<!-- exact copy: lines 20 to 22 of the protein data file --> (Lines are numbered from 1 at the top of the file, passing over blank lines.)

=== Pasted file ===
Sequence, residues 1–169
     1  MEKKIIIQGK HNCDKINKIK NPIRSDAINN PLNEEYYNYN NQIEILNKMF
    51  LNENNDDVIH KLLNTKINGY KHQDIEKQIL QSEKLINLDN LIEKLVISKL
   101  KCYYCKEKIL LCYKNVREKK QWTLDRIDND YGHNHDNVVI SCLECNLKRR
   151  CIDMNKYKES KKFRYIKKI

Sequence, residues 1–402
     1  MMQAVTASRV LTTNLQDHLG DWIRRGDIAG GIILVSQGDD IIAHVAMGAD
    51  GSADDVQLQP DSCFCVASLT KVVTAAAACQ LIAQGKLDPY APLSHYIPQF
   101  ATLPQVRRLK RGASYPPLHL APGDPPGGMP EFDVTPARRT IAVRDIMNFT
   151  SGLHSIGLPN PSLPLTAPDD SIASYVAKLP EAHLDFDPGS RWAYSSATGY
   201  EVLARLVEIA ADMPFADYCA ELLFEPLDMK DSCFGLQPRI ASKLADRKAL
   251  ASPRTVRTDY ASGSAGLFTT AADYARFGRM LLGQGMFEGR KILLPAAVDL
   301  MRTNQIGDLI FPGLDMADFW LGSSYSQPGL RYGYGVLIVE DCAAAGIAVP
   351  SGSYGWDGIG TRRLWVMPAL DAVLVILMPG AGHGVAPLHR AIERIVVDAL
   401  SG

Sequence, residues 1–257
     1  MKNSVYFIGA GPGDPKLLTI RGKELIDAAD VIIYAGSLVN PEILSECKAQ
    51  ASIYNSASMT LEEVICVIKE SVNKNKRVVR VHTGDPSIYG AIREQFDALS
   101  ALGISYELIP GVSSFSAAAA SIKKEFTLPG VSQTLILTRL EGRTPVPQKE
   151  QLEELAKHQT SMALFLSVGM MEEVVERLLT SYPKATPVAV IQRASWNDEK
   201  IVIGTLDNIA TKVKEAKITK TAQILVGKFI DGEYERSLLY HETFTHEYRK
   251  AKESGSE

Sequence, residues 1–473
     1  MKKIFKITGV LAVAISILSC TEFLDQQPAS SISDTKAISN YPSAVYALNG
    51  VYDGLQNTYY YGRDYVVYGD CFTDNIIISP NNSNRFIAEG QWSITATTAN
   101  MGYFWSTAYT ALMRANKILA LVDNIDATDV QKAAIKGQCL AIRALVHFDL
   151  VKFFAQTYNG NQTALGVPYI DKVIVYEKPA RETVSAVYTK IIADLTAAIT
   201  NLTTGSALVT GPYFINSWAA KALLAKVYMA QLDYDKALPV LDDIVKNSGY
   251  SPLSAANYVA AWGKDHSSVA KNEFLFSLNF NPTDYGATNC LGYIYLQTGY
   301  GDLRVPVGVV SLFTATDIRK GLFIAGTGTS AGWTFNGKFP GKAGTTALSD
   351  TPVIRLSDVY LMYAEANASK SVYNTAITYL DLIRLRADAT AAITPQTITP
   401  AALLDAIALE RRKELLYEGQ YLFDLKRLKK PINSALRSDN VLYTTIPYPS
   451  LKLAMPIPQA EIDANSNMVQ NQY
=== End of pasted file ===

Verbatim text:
   151  QLEELAKHQT SMALFLSVGM MEEVVERLLT SYPKATPVAV IQRASWNDEK
   201  IVIGTLDNIA TKVKEAKITK TAQILVGKFI DGEYERSLLY HETFTHEYRK
   251  AKESGSE